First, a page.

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skin, the flexible tissue (integument) enclosing the body of vertebrate animals. In humans and other mammals, the skin operates a complex organ of numerous structures (sometimes called the integumentary system) serving vital protective and metabolic functions. It contains two main layers of cells: a thin outer layer, the epidermis, and a thicker inner layer, the dermis. Along the internal surface of the epidermis, young cells continuously multiply, pushing the older cells outward. At the outer surface the older cells flatten and overlap to form a tough membrane and gradually shed as calluses or collections of dead skin. Horns, hoofs, hair (fur), feathers, and scales are evolutionary adaptations of the epidermis. Although the epidermis has no blood vessels, its deeper strata contain melanin, the pigment that gives color to the skin. The underlying dermis consists of connective tissue in which are embedded blood vessels, lymph channels, nerve endings, sweat glands, sebaceous glands, fat cells, hair follicles, and muscles. The nerve endings, called receptors, perform an important sensory function. They respond to various stimuli, including contact, heat, and cold. Response to cold activates the erector muscles, causing hair or fur to stand erect; fright also causes this reaction. From the outer surface of the dermis extend numerous projections (papillae) that fit into pits on the inner surface of the epidermis so that the two layers are firmly locked together. In humans, whorls on the fingers show where the epidermis falls between rows of papillae, making the patterns used in fingerprinting. The skin provides a barrier against invasion by outside organisms and protects underlying tissues and organs from abrasion and other injury, and its pigments shield the body from the dangerous ultraviolet rays in sunlight. It also waterproofs the body, preventing excessive loss or gain of bodily moisture. Human skin performs several functions that help maintain normal body temperature: its numerous sweat glands excrete waste products along with salt-laden moisture, the evaporation of which may account, in certain circumstances, for as much as 90% of the cooling of the body; its fat cells act as insulation against cold; and when the body overheats, the skin's extensive small blood vessels carry warm blood near the surface where it is cooled. The skin is lubricated by its own oil glands, which keep both the outside layer of the epidermis and the hair from drying to brittleness. Human skin has remarkable self-healing properties, particularly when only the epidermis is damaged. Even when the injury damages the dermis, healing may still be complete if the wounded area occurs in a part of the body with a rich blood supply. Deeper wounds, penetrating to the underlying tissue, heal by scar formation. Scar tissue lacks the infection-resisting and metabolic functions of healthy skin; hence, sufficiently extensive skin loss by widespread burns or wounds may cause death.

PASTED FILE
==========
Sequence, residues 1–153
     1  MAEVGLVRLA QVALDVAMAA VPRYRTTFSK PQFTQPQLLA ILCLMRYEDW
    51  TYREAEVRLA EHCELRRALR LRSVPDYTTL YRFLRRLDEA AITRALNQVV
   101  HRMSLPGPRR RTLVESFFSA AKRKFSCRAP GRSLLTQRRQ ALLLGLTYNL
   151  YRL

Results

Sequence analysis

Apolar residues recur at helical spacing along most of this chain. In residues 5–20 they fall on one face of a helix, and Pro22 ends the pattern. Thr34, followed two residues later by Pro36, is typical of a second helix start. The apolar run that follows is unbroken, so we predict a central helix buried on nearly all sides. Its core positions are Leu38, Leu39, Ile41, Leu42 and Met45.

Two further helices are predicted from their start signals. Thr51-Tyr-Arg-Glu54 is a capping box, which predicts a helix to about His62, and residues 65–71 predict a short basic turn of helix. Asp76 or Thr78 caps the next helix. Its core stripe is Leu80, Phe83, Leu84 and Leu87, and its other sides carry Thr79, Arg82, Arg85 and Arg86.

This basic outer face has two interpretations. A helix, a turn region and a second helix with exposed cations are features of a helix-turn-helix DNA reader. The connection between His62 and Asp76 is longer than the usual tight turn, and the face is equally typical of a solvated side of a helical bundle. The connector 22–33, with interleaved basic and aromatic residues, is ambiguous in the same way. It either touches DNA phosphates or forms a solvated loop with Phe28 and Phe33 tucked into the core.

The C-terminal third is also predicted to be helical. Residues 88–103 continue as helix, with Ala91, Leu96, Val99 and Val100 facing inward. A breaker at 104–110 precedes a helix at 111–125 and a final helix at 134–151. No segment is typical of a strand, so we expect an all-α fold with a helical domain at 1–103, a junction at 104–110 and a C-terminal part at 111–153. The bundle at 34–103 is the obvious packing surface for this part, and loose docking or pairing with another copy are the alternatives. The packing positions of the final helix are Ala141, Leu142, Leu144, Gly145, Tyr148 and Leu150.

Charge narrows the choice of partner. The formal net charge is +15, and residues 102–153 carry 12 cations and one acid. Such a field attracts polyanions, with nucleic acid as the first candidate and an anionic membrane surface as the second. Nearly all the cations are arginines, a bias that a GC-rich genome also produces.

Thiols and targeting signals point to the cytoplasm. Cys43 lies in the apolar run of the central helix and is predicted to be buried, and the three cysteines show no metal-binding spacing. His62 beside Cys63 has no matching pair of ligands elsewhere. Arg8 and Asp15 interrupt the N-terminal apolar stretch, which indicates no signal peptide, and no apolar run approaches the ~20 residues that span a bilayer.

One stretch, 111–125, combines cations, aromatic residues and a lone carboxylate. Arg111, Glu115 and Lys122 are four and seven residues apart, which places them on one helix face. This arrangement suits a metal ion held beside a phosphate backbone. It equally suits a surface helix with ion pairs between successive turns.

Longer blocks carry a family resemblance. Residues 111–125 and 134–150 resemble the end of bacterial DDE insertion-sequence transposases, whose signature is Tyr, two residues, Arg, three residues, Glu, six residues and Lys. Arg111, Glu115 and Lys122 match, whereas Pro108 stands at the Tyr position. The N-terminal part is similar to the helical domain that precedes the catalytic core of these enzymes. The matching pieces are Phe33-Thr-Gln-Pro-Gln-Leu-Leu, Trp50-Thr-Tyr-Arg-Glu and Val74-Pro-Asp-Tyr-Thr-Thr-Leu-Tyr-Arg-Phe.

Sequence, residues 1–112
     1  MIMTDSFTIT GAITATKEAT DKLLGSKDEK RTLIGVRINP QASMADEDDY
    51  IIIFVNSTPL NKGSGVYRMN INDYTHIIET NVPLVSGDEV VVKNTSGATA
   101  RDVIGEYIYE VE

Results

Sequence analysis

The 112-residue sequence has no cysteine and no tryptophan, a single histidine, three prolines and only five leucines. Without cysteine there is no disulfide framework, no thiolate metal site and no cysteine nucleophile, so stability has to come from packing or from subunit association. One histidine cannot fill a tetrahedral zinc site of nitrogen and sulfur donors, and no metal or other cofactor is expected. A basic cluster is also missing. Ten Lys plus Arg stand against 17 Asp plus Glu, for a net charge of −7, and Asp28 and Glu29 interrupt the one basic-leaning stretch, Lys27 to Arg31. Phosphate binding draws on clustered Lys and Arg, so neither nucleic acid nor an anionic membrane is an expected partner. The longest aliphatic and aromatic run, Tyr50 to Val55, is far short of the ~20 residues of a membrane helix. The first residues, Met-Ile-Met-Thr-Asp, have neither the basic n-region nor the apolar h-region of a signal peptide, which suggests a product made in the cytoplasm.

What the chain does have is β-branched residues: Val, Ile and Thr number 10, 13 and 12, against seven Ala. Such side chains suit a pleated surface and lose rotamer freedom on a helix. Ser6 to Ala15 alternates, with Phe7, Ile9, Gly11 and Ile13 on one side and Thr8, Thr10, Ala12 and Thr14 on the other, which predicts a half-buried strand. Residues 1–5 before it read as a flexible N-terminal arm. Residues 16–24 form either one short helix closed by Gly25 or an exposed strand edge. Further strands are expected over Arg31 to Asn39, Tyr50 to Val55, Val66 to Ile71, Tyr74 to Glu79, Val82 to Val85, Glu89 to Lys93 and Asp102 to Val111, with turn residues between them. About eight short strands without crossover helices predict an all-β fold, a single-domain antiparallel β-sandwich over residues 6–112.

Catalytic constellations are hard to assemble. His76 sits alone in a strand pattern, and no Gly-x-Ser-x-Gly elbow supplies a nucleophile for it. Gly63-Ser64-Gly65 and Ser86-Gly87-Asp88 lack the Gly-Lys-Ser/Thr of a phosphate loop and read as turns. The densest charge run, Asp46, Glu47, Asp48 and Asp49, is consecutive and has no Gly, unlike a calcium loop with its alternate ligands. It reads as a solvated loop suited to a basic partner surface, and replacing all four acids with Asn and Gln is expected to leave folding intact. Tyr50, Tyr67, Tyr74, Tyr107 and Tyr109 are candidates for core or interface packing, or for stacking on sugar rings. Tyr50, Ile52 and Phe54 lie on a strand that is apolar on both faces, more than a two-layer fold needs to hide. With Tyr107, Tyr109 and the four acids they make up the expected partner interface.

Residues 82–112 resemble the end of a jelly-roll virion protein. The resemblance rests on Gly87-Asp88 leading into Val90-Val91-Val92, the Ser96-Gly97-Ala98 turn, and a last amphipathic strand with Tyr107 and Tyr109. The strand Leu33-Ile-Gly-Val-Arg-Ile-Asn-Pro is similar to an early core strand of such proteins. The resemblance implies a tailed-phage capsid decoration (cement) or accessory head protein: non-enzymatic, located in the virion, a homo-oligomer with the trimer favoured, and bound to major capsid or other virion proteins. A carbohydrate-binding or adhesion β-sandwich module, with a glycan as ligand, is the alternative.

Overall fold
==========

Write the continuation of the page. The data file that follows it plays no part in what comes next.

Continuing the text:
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Epidermis (plant)